TAIPEI -- Several hundred thousand Taiwanese took to the streets yesterday to protest China's passage of a controversial antisecession law authorizing the mainland to use force if Taipei declares independence.
Several demonstrators burned Chinese flags and defaced cardboard images of China, but no major clashes were reported during the mass gathering in which many participants pushed baby carriages, chanted slogans and protest songs, and walked dogs wreathed in peace banners.
''I'm here because I want the world to know that Taiwan's future should be determined by the Taiwanese people," said Maria Yang, 40, a teacher from Taipei, walking with thousands of others toward the president's office. ''I hope China receives a very clear message today that they have no authority over us, no right to pass such a law."
The rally, which organizers said drew 1 million people but police estimated at less than half that number, was as much about gaining foreign support as it was about rallying Taiwanese.
Vietnam-era protest songs ''Blowing in the Wind" and ''We Shall Overcome" were chosen to resonate with overseas viewers, campaign organizers said. Several in the crowd carried US flags, ''Peace" and ''Protect Taiwan" signs in English, and cardboard depictions of President Bush and Japanese Prime Minister Junichiro Koizumi, leaders of the two nations most likely to defend Taiwan if China were to attack.
''We're trying to have the voice of Taiwan heard by China and the international community," said Hsiao Bi-kim, an organizer and lawmaker with the ruling Democratic Progressive Party. ''The vast majority of people find the Chinese law unacceptable."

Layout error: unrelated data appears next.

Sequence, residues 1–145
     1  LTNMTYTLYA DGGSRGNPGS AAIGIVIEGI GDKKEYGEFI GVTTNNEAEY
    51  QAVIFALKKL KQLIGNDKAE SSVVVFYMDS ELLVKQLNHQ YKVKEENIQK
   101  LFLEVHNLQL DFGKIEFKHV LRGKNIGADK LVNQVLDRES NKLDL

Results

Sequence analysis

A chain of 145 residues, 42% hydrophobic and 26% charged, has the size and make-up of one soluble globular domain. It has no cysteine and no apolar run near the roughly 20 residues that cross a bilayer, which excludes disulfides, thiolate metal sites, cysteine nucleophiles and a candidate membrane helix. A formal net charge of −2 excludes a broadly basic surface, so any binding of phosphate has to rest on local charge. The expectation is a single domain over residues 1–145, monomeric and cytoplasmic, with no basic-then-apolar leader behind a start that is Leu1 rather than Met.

The United States has criticized the statute, passed without opposition two weeks ago by Beijing's largely ceremonial Legislature, as a potential irritant affecting tense cross-straits relations. Beijing considers Taiwan a part of its territory. The two sides split in 1949 during a civil war.
Chinese analysts condemned yesterday's demonstration, arguing that it misrepresented genuine Taiwanese public opinion. ''A few pro-independence forces are trying to fan the emotions of Taiwanese who don't understand the law, bringing them onto the streets," said Xu Bodong, a professor at Beijing Union University. ''They lure them with money and gifts like free lunches."
Taiwanese lawmakers and government officials said the next move is up to Beijing. While it's unlikely that China will revoke the law, it could either ease its hard-line rhetoric or further inflame tensions by strengthening its national defense and emergency statutes to conform to the new antisecession law.
The demonstration occurred at a very sensitive time, said Wu Yu-shan, a cross-straits specialist with Academia Sinica, a leading Taiwanese think tank.
''If Beijing interprets the march as a substantial step toward independence, it could put even greater pressure on Taiwan and we could see an escalation" of problems, he said. ''It really depends on everyone knowing the limits."